If you struggle to identify and complete the core processes for your business, you’re not alone. Most entrepreneurs approach completing a process with the same amount of enthusiasm as a trip to the dentist for a root canal. However, you and your business benefit from well-defined processes that provide consistency. With 6 to 10 core processes documented and everyone in your organization following them to the letter, you can scale your business. But without solid steps to each process, your process won’t work as it should – like a broken ladder. Are you using a broken ladder to run your business?
Why You Need to Define Your Core Processes
At a high level, a process clarifies:
- All major steps and the correct sequence to complete them
- Deliverables and metrics for each step
- The “seat” in the organization that’s accountable for the process
- The acceptable time frame from start to finish
In a recent client Quarterly Meeting, we worked through one of 10 core processes together as a team. As expected, this announcement was met with a general lack of enthusiasm.
Documenting processes often becomes one of those tasks that get kicked down the road. Why? Mostly because leaders think it will be too time-consuming, boring, onerous, and of little value. They dread getting sucked into minutiae. But after discussing the value this exercise adds, we dug in, closely examining how to document each process.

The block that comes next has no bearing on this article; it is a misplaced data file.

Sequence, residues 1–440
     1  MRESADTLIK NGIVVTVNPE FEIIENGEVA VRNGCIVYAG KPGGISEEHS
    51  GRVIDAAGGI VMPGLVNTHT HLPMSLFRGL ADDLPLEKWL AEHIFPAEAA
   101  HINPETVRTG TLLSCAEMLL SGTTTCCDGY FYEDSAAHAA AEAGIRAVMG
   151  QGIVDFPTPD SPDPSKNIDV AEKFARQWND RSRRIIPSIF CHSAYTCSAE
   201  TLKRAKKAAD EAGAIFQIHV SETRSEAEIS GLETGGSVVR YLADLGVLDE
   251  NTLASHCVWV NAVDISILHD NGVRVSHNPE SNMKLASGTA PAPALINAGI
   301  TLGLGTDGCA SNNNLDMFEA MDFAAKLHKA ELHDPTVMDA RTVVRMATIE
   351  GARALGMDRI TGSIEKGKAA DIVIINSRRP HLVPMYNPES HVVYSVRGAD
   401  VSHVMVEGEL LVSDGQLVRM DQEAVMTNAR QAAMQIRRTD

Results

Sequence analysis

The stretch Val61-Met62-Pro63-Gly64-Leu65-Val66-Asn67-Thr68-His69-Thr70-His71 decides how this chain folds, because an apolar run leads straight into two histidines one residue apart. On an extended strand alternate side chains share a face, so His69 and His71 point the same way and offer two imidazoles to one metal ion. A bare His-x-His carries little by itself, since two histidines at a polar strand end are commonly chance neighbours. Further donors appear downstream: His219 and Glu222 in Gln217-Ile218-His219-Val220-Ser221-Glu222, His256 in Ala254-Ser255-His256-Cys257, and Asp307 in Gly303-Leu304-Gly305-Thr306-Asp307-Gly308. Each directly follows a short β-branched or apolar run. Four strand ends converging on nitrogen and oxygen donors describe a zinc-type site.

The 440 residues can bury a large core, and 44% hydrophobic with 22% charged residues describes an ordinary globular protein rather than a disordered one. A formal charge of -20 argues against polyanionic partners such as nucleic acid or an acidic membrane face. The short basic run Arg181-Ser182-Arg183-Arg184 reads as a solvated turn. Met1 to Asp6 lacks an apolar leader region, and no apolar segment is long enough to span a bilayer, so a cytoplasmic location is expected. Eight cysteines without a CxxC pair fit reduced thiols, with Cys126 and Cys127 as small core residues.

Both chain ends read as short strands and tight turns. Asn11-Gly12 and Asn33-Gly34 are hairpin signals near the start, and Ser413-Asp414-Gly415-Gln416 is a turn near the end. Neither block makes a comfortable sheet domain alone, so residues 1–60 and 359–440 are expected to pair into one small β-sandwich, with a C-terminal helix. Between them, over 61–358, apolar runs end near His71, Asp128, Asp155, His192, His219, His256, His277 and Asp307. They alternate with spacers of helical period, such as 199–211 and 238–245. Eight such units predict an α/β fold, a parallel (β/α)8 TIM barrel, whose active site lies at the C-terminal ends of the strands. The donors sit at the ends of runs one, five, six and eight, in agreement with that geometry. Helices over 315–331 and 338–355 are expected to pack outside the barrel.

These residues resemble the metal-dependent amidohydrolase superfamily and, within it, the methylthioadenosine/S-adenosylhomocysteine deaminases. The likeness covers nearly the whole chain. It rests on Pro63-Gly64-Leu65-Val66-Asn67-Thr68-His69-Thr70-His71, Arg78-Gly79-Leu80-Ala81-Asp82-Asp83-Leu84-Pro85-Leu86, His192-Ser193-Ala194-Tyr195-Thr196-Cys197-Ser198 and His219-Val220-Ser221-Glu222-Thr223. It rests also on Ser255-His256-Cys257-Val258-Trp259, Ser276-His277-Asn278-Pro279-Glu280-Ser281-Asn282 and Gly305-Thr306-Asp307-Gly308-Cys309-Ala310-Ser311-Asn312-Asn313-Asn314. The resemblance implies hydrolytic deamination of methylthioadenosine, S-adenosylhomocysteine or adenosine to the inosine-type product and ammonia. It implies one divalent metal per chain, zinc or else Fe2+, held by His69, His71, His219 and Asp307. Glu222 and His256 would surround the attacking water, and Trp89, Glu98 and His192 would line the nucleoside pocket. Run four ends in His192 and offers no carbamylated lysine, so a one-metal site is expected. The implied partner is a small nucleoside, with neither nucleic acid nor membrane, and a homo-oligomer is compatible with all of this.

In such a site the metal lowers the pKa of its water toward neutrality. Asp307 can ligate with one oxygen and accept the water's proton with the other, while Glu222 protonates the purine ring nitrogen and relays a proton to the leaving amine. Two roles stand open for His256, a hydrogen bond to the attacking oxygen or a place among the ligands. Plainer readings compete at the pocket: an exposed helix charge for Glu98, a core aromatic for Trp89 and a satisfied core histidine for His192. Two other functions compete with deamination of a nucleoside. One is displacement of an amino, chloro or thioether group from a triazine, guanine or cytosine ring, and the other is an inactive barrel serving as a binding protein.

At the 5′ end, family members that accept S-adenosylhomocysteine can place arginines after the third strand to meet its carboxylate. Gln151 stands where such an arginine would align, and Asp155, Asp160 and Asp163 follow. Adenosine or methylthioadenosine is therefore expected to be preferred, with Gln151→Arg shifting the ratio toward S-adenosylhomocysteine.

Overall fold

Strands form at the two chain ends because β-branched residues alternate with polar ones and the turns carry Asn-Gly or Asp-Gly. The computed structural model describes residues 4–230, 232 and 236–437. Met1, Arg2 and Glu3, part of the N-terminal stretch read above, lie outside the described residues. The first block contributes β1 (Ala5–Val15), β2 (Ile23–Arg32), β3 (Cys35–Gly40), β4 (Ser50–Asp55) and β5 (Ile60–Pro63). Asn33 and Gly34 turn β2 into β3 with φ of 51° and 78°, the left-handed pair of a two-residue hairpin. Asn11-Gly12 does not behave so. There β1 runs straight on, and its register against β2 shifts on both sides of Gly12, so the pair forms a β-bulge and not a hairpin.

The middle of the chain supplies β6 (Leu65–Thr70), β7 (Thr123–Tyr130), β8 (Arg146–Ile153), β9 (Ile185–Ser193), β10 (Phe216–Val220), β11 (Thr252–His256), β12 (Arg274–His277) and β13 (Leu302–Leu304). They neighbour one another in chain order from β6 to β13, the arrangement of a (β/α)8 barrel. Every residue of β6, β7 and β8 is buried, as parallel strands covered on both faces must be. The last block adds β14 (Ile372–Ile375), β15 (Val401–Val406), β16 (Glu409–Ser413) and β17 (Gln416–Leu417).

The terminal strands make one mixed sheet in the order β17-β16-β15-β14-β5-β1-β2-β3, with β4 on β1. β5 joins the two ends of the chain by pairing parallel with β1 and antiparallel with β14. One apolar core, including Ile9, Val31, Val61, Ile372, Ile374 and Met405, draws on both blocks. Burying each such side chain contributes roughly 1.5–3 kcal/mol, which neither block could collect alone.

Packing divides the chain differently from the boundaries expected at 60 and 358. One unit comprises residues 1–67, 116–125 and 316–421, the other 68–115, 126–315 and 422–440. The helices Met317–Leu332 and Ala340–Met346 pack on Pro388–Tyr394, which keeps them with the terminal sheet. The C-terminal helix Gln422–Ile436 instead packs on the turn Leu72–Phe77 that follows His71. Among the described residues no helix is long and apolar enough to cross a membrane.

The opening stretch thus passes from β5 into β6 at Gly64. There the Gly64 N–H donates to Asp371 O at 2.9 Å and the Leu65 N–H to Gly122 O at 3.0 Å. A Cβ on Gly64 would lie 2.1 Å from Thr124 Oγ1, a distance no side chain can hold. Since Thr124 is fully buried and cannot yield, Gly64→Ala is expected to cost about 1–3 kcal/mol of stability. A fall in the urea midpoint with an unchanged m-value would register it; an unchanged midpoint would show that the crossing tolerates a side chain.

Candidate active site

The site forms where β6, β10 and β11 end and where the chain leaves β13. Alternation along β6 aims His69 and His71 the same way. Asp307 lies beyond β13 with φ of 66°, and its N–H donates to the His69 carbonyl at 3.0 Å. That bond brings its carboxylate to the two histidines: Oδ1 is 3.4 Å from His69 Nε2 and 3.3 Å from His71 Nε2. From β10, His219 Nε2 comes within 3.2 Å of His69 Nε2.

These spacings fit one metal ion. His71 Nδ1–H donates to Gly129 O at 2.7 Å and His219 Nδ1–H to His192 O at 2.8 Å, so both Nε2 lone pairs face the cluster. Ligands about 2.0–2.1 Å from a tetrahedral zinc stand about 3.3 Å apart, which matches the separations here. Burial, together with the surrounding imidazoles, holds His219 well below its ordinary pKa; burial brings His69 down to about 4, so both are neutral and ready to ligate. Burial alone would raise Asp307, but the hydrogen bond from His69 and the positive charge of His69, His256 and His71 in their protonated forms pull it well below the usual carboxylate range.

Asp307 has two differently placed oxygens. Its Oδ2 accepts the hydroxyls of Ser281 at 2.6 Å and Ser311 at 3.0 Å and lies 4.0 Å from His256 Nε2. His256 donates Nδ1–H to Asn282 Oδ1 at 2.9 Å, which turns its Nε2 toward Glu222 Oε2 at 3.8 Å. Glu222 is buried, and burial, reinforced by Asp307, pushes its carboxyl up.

We identified seven steps in one particular process and clarified the items listed above. The entire exercise took an hour. That’s it. One hour invested by six leaders got them on the same page. Ultimately, we knew what needed to happen in the right sequence to deliver the desired results.
It also revealed a glaring weakness in the first two steps of the process. Although steps three through seven were solid, steps one and two were broken.
A Broken Process Ladder
As a visual thinker, I couldn’t help but picture a ladder with the first two steps broken. How well could you do a job around the house without the first two steps of your ladder?
It makes getting the job done that much harder. Now think about all the people in your organization trying to use that ladder – or trying to do a job without any ladder at all.
So, slow down a bit. Take the time to complete your core processes and ensure each step is solid for your team. Then make sure those core processes are followed by all. Doing those two things will improve consistency, reduce frustrations, and lead to more predictable results.